I was devastated this morning to learn my interview with one of the party’s candidates had been cancelled. Here’s why the term he took offence to is far from unfair, writes Thom Mitchell.
This morning Pauline Hanson’s running mate on One Nation’s Queensland Senate ticket asked me to “define what the term ‘denier’ means in regard to climate”. So I will.
On one level the answer is you, Malcolm Roberts. You are a dyed in the wool climate denier, and if you make it into the Senate there’s a very real risk you and yours will undermine this country’s already flaccid response to climate change.
More generally though, a climate denier is someone who drank the jet-fuel: A person who believes – without the benefit of expertise – that they are correct where more or less all of the climate scientists, governments, and major institutions in the world are wrong.
But Malcolm Roberts doesn’t like labels, which is why he cancelled a scheduled interview this morning. By text, he told New Matilda “it disappoints me that NM uses terms like ‘denier’ to describe those who base conclusions on empirical evidence”.
“Science,” he tells us, “is decided by empirical evidence not emotion, unfounded opinions and ideology”. Which is why One Nation is pushing for a royal commission into the ‘unfounded’ science of anthropogenic climate change, and a review of work done by the Bureau of Meteorology.
At the same time, Pauline’s party would have us pull out of the United Nations process on climate change, and the Intergovernmental Panel on Climate Change. It will work to remove any carbon tax, emissions trading scheme, renewable energy target, or other mechanism that might help stave off the impending climate disaster.
— Graham Readfearn (@readfearn) July 6, 2016
An actual climate scientist at the University of Melbourne, Professor David Karoly told New Matilda that Roberts and One Nation are peddling “complete and utter conspiracist rubbish”.
“It’s the usual sort of climate change denier stuff that he pulls out from websites,” Prof Karoly said. “As far as I’m aware the only conferences [Roberts has] been to are ones that have been funded by the Heartland Institute in the US, which is funded by the fossil fuel industry.”
It’s not that surprising, really, given Roberts used to manage coal mines for a living.
According to Readfearn, who specialises in tracing the shadowy links between the fossil fuel industry and climate scepticism, Roberts is one of Australia’s most “enthusiastic” deniers.
“In short,” Readfearn wrote yesterday, “Roberts thinks there’s an international cabal of bankers and socialists cutting across the United Nations, science institutions and the financial institutions – including the US Federal Reserve – who have conspired in some way to push ‘climate fraud’ on the world”.
“He’s a cog in a wheel: He’s one of the cogs that turns a bit faster than some of the other ones do,” Readfearn told New Matilda. Other cogs have always turned slowly in the Federal Parliament, where outright climate denial is usually suppressed, but lurking somewhere not too far from the surface.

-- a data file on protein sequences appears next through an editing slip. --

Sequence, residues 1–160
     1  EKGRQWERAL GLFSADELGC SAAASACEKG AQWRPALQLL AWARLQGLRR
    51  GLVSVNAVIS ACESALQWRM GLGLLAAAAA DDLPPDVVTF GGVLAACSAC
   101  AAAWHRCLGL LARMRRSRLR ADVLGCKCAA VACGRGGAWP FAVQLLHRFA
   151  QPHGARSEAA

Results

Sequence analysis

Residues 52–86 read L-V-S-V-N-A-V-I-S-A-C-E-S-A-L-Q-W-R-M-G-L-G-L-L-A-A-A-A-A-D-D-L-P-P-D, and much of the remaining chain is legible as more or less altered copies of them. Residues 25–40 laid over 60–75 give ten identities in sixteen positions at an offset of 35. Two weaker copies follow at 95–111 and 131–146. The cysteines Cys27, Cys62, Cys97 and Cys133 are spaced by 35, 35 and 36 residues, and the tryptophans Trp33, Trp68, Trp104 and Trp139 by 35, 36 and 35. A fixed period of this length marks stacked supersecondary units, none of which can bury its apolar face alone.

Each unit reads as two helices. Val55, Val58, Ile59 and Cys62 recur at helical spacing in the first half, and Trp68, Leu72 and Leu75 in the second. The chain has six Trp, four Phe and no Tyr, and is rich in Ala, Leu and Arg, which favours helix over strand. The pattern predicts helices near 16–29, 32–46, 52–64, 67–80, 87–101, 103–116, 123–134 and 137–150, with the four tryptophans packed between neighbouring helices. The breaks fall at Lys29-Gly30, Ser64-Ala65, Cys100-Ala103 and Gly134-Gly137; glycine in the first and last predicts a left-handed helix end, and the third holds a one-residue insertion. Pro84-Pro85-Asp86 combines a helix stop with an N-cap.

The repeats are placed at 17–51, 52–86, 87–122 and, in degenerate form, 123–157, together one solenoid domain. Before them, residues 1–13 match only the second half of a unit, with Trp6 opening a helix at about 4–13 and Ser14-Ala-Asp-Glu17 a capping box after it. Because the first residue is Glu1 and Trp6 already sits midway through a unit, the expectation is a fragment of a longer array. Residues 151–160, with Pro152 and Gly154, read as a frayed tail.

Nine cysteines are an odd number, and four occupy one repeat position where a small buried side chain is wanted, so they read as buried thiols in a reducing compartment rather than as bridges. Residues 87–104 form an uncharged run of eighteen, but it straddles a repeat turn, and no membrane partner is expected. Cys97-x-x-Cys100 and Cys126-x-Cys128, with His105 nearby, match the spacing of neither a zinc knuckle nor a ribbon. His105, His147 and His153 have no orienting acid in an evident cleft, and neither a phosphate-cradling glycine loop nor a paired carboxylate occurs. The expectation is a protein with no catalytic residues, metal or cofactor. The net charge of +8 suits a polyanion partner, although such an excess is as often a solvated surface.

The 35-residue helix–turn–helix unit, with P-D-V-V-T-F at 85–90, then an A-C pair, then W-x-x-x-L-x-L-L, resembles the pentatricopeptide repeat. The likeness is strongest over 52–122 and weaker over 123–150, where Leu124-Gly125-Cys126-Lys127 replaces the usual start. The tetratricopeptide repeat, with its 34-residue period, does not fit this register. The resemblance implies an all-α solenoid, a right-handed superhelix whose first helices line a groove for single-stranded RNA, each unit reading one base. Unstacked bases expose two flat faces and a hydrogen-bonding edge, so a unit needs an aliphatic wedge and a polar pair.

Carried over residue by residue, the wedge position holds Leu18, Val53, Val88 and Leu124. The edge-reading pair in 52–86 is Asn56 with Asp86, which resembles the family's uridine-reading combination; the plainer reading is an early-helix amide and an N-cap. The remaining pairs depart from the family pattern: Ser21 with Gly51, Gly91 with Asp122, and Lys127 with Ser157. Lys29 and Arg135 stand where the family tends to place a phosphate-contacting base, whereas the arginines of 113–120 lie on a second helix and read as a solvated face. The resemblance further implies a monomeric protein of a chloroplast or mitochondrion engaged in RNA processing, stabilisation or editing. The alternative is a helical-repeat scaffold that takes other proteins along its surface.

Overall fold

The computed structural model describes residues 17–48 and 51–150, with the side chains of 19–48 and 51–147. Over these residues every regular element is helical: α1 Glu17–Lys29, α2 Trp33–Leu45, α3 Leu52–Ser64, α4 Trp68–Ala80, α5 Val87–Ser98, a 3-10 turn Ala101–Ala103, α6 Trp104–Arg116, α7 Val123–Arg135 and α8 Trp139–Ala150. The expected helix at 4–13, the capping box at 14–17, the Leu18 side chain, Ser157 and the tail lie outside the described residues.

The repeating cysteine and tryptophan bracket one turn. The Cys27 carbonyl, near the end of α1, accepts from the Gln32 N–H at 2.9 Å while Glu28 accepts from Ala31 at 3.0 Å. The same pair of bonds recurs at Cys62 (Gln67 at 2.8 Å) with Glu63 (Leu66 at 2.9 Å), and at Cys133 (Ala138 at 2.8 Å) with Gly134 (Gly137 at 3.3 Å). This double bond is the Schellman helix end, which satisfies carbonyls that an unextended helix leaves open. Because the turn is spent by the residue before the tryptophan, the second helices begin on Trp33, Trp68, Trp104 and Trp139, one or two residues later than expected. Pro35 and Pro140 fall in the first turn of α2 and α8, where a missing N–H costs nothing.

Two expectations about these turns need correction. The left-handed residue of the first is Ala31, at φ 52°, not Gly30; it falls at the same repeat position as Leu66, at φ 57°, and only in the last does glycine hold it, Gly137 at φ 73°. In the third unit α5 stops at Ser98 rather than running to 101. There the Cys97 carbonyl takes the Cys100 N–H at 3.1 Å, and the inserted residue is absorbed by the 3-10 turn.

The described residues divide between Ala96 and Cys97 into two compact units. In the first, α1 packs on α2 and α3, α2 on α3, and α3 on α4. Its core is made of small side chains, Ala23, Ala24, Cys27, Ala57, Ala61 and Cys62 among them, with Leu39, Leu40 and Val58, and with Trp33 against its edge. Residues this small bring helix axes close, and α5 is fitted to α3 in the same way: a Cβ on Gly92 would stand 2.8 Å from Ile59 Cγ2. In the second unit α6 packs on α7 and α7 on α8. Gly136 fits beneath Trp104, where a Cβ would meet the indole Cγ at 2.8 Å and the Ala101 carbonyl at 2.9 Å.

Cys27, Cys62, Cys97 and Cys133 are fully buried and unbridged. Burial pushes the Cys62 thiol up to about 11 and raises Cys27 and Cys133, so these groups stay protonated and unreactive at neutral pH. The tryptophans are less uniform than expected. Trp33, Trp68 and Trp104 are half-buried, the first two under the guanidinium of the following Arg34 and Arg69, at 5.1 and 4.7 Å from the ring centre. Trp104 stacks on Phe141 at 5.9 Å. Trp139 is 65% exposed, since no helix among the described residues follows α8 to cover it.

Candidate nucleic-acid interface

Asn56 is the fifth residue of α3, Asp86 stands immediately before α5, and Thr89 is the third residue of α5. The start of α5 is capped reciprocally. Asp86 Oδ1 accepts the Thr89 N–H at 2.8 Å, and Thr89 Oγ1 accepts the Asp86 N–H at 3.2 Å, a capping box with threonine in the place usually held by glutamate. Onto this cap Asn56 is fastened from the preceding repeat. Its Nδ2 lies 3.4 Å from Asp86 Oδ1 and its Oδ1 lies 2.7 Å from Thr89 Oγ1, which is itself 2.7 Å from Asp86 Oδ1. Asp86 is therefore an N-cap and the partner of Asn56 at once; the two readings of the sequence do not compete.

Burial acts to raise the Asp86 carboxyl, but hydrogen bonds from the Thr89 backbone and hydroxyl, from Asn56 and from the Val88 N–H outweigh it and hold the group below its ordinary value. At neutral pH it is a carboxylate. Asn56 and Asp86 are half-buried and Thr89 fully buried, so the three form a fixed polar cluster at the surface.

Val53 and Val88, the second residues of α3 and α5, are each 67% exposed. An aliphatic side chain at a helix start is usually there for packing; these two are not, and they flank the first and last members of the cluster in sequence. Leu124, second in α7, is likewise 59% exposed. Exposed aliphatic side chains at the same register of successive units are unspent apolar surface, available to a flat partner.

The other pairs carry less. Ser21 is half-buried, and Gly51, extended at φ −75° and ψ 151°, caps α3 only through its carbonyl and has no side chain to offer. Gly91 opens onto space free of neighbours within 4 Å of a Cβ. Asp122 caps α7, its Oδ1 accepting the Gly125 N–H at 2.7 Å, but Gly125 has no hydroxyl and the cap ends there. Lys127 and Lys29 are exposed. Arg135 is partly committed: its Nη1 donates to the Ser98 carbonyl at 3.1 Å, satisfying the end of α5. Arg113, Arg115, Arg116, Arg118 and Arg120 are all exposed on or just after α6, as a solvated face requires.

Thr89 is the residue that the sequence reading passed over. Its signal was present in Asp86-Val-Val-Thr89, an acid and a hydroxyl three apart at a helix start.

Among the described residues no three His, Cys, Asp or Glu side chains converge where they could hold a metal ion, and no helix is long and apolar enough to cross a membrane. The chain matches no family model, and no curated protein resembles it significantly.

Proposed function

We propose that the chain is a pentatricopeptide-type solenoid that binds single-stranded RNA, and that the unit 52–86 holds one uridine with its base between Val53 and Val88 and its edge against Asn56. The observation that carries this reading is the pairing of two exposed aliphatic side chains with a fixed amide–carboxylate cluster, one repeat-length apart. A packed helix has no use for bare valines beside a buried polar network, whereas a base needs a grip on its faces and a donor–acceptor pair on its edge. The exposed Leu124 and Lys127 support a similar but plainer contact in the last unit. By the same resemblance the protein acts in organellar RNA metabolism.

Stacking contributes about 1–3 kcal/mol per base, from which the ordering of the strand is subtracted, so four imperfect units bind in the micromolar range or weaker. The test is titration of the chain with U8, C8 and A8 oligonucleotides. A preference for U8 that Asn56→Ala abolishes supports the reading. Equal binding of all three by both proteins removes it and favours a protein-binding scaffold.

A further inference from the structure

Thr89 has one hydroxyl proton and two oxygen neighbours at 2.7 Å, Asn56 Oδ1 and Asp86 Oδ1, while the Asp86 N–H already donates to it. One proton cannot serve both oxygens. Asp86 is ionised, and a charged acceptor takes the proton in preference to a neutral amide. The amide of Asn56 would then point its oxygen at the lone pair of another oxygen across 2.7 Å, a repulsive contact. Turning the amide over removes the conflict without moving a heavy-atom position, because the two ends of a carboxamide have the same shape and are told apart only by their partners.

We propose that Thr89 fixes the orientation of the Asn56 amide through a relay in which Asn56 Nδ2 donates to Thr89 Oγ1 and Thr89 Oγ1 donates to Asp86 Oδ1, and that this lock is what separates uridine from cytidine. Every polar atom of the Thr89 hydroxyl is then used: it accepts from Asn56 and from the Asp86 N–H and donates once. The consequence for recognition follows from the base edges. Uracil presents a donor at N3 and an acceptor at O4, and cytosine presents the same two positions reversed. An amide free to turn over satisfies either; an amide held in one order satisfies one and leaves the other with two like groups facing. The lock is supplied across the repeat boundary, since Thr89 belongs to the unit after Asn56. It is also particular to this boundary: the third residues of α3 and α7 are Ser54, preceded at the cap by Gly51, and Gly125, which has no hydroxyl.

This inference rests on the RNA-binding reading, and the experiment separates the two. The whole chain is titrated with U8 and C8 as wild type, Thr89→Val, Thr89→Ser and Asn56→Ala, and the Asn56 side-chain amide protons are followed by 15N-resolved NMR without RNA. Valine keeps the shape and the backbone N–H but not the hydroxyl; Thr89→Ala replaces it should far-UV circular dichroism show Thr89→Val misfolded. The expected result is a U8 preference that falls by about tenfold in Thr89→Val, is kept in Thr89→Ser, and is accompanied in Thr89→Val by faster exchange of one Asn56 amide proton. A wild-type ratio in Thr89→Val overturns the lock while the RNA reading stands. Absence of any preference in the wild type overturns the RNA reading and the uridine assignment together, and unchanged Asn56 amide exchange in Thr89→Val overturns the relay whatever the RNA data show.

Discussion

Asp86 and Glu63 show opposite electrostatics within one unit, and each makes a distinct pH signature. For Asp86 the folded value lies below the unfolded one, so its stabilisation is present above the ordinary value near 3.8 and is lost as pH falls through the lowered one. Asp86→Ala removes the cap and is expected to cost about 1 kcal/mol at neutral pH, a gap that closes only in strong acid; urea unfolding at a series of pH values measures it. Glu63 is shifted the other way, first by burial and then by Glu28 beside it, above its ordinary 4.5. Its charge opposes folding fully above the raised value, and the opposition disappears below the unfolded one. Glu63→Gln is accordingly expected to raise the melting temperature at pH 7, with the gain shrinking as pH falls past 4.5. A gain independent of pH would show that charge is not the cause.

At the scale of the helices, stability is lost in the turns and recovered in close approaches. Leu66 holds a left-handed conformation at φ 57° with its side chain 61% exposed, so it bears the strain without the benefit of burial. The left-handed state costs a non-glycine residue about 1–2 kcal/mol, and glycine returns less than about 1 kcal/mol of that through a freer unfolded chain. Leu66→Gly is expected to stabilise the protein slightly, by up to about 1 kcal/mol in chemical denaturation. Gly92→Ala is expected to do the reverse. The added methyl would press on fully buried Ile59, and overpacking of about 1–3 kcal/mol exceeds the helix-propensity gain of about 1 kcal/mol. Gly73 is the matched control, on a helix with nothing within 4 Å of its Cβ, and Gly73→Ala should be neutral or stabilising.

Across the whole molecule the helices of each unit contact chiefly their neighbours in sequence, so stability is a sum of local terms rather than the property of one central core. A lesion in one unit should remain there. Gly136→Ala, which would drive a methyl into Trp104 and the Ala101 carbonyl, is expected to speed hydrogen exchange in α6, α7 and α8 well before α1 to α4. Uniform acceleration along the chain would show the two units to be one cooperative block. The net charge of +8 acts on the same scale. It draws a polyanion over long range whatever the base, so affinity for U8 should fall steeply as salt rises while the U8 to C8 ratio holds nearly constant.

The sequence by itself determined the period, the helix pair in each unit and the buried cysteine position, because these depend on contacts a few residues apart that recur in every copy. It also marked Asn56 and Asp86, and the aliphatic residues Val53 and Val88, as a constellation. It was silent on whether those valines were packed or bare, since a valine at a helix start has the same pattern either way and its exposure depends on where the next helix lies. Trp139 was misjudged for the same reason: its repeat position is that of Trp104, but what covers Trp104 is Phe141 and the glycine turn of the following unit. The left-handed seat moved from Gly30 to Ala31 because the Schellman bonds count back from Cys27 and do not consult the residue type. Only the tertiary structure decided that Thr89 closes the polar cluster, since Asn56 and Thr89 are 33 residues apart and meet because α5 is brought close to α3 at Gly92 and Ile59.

No doubt many in the Liberal and National Parties would love a royal commission to undermine the debate about climate science and the nation’s response to it. In fact, just last June a cabal of Liberal Party MPs tried to force a parliamentary Inquiry into ‘the science of climate change’.
On Monday, Pauline Hanson singled out Queensland Nationals MP George Christensen – who like Roberts has spoken at the Heartland Institute – as someone in the Coalition who shares her party’s views.
A member of the moderate segment of the Liberal Party, Attorney-General George Brandis said earlier this year he is “agnostic” about climate change and does not believe the science is settled.
Tony Abbott, of course, famously said climate change is “crap”. His hand-picked chief business advisor, Maurice Newman, penned a piece for The Australian last year in which he argued climate change is a foil for the global socialist takeover.
And one of the more well-known climate sceptics in Coalition ranks, Cory Bernardi, this week began a splinter group of conservatives which will serve to undermine Liberal leader Malcolm Turnbull as he seeks to form a government.
Politics is unstable, and the time is ripe for horse-trading in extreme ideas. The return of Pauline Hanson’s One Nation, in and of itself, is a point in case. Roberts is in with a chance at a Senate seat in Queensland, and Pauline Hanson is assured of one.
The One Nation leader this week put the media on notice that if the Party is not taken seriously, they will simply opt-out and use social media to go direct to the people.
Given they clearly attracted substantial support from a segment of society, that’s a worry. But traditional media are not divorced from what media academic Elaine McKewon calls the “rhetorical arsenal of denial”.
McKewon is finishing off a PhD on media reporting of climate change, and said denial could find a sympathetic ear in the pages of the News Corp press. “The conspiracy theories are basically that scientists are nothing but rent seeking frauds, that climate science is a religion, that kind of thing,” she said.
“These are really just repeated ad-nauseam through the editorials and opinion columns of The Australian. A lot of that stuff gets syndicated and there’s a lot of sympathy in the ranks throughout the other mastheads of the Murdoch press.
“I would expect it to get quite a bit of oxygen there, but I don’t think it would in Fairfax,” McKewon said.
Either way, with Hanson in and Roberts still a chance, outright denial will clearly be breathing in the upper house of Australia’s Parliament. As one academic put it to me while I was researching this story: “At least [Hanson’s] got less money than Clive Palmer.”
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